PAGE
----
Since there is no scarcity of American soup - or other ladles it can safely be assumed that these were used for filling punch into the goblets.To prove the point: the shop inventory of Joseph and Nathaniel Richardson, dated May 31, 1790, lists six punch ladles, but 36 soup ladles and 36 sauce ladles (click for note 9).Some ladles show monograms, crests or coat of arms.In the 18th century decoration was used sparingly contrary to late Georgian and early Victorian ladles which were often heavily chased. The following inscription is found on a Queen Ann punch ladle of 1712 and reads: "Gentlemen Archers.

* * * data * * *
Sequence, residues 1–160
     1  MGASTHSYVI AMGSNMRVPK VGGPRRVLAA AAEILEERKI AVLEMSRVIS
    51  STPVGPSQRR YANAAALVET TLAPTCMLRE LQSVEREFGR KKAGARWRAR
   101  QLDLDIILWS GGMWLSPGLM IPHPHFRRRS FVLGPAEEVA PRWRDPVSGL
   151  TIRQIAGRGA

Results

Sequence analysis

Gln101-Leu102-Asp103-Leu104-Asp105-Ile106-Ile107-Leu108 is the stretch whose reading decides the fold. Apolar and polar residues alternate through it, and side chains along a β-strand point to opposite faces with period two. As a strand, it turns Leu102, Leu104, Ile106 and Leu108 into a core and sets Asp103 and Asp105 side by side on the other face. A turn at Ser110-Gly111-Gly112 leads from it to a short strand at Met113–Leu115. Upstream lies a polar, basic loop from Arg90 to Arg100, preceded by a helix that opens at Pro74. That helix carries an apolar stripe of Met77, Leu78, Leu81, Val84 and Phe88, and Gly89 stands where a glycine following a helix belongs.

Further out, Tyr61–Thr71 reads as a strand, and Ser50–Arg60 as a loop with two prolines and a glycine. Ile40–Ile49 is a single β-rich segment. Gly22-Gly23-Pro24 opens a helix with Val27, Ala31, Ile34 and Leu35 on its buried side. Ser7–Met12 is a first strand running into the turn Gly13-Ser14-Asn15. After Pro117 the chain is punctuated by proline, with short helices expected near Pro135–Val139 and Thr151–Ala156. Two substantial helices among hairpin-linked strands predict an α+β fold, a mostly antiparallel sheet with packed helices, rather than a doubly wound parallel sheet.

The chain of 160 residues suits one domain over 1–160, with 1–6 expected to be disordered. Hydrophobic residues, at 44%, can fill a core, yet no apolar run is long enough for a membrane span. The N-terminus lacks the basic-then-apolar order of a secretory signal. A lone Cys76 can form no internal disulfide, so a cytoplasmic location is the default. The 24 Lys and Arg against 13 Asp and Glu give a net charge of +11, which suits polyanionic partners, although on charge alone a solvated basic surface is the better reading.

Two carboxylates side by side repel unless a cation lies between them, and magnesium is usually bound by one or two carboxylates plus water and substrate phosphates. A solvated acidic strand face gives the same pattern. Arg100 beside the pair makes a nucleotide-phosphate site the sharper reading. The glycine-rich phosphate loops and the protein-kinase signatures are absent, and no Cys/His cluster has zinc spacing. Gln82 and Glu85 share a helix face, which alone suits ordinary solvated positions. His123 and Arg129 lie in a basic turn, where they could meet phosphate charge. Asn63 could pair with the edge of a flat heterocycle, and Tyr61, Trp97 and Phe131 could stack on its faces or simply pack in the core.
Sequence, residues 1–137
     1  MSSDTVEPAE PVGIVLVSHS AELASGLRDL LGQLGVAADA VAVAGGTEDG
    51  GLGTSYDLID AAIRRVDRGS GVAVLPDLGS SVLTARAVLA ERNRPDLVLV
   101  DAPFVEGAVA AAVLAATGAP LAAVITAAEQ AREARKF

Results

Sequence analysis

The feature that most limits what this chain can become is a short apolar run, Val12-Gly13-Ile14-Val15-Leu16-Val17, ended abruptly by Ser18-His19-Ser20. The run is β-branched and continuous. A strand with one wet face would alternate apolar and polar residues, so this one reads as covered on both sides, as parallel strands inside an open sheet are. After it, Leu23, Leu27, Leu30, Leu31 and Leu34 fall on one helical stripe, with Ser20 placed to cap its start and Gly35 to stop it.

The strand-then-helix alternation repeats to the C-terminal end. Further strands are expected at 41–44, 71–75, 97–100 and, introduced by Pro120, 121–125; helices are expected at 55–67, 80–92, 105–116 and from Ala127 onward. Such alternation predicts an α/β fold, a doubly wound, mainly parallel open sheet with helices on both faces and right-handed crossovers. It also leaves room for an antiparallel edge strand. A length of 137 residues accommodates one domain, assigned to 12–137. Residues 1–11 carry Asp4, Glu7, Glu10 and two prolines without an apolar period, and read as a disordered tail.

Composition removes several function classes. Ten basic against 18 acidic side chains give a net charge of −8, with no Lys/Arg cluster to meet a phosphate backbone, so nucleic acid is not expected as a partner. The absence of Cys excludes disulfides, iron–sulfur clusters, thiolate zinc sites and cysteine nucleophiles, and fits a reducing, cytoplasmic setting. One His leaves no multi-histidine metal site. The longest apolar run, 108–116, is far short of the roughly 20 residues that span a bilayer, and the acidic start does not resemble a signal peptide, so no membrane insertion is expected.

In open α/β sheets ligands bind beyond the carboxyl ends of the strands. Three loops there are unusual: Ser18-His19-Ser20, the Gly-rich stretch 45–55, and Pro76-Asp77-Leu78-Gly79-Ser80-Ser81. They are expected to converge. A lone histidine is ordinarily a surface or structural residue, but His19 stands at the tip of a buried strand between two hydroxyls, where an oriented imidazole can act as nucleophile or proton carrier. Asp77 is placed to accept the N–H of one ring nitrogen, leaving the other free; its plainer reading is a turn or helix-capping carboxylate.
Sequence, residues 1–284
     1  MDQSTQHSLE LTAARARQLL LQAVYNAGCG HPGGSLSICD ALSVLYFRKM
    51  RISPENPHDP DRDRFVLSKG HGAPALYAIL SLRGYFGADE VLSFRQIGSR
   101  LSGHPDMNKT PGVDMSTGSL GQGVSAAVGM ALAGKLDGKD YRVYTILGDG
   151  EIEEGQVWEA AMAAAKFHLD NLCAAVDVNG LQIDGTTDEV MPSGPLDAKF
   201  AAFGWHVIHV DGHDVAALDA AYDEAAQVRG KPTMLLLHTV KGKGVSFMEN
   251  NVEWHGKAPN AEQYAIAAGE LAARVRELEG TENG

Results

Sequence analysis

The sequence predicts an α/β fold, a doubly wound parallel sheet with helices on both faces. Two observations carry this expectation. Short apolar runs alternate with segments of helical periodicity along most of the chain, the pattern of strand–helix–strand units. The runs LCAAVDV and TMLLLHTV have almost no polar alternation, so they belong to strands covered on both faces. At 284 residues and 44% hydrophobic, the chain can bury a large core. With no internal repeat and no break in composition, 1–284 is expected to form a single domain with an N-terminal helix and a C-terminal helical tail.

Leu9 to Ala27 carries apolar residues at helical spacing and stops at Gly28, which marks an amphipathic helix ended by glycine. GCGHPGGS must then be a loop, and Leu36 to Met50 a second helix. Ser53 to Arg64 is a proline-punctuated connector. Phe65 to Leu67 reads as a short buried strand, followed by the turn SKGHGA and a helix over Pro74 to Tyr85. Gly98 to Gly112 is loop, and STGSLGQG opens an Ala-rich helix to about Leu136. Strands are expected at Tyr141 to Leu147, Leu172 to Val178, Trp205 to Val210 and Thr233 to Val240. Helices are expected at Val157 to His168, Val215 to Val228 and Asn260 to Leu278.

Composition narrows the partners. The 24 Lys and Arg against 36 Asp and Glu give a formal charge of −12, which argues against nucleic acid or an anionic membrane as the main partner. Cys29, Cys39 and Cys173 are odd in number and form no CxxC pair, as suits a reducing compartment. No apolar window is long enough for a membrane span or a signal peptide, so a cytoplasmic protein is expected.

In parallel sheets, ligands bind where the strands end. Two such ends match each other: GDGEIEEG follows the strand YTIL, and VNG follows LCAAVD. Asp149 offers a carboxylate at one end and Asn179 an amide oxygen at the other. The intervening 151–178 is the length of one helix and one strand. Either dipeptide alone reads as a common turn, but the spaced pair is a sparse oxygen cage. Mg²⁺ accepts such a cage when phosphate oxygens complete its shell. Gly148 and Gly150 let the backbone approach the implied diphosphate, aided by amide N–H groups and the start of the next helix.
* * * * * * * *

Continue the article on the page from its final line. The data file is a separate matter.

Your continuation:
Around 1735 the bowls were round or egg shaped (Fig. Fancy bowl shapes like the shell of nautilus were also popular around the middle of the century.Here two examples, one plain with wooden handle and an even fancier type with engraved pattern on the shell shaped bowl and an ivory handle.(Fig.3) Coins like the crown-piece could be hammered out to handy discs from which the bowl would be raised.Punch bowl, punch goblets, sugar dredgers, bottles with silver or even enameled labels, lemon/orange strainers and ladles were all punch paraphernalia and as such "must haves" in elegant households, some Georgian homes were even equipped with "puncheries" (click for note 2).This study concerns itself with punch ladles only and more specifically 18th and 19th centurys examples.